Y2K and a Century That Ended With

Hopes That Never Materialized

Initially released in 1970, Hal Lindsey's book "The Late Great Planet Earth" sold over 35 million copies internationally, becoming one of the biggest selling books of the 20th century. Riding the tides of Cold War nuclear fears and apocalyptic fads, Lindsey argued the Bible prophesied end times events spreading communism, nuclear wars, the rise of China, a Russian-Arab alliance against Israel, and the Rapture of believers by 1981 leading towards Armageddon. Clearly none of these came about as predicted.

Specific failures abound. The USSR did not attack Israel per Ezekiel 38, but dissolved in 1991 with nascent religious revivals emerging. China largely liberalized and focused within, contrary to supposed aggressive communism bent on invading the Middle East. Arab-Israel talks progressed despite tensions. Most embarrassing was the insistence that a 1948-1988 generation indicated the Rapture's 1981 arrival and Christ's millenial reign by 1988. This formulaic date-setting proved utterly groundless speculation.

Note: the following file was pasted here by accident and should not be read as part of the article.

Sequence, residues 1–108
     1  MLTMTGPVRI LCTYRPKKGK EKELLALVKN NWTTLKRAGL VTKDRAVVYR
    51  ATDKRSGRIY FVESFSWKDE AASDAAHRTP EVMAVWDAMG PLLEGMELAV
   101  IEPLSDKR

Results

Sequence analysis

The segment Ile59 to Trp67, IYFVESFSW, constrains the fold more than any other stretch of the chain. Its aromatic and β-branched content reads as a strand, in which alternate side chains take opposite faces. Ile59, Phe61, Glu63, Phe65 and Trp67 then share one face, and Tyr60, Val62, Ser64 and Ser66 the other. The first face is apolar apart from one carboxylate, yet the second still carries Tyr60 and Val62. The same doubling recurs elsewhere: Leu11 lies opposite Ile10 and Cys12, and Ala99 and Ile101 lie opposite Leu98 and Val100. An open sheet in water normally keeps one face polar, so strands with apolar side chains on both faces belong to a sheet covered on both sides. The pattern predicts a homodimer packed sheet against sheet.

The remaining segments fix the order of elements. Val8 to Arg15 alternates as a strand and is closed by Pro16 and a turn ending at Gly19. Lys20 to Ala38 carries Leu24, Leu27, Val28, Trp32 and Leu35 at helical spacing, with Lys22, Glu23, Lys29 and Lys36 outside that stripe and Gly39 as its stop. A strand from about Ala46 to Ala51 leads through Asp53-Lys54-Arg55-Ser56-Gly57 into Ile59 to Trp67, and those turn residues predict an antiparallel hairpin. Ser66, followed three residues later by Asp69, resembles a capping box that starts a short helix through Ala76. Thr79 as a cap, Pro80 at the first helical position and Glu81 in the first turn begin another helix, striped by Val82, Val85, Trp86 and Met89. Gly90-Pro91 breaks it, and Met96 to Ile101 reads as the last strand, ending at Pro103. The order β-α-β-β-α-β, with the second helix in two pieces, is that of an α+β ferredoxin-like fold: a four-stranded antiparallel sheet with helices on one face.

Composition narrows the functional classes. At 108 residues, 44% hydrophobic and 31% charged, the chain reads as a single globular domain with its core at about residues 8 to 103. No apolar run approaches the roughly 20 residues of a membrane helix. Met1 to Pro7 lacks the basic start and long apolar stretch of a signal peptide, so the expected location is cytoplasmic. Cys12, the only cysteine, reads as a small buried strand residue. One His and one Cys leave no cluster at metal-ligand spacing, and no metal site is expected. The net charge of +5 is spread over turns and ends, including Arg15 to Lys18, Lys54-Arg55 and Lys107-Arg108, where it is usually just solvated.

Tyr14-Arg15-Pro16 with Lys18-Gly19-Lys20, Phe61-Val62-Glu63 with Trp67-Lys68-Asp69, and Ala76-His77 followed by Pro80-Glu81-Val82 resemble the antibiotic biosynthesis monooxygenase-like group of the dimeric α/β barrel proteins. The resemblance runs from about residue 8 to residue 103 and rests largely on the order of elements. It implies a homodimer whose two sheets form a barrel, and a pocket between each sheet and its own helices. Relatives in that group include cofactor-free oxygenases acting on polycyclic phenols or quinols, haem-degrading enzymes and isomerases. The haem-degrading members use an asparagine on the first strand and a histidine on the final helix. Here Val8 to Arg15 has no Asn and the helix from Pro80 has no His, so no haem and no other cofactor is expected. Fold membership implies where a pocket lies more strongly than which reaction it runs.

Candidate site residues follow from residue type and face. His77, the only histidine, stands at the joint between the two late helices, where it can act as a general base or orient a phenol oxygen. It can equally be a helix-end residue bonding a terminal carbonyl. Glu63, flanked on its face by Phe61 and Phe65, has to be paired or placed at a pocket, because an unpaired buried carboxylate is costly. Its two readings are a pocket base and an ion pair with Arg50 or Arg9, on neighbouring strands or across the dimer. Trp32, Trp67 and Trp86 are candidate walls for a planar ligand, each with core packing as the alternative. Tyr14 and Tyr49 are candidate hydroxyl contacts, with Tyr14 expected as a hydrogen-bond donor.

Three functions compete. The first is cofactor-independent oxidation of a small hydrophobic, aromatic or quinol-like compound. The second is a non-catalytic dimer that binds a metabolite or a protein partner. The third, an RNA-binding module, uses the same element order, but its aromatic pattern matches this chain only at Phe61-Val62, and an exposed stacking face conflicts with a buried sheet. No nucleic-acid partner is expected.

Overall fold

Rather than acknowledging erroneous assumptions afterThe Late Great Planet Earth decades of unfulfillment, Lindsey repeatedly issued revised predictions and obscure reinterpretations to rescue credibility amongst supporters unwilling to question his authority. This disingenuous face-saving highlights flaws in the sensationalist biblical literalism undergirding such false prophecies. Truth seeking Christians should reject contorted efforts to justify previous errors with new predictions hoping something may hit eventually. As Christ taught, "by their fruits you shall know them" - the failures of popular prophecy pundits like Lindsey warrant discarding rather than renewed trust in their prognostications. Evaluating outcomes must temper listening uncritically only to pleasing promises for the future.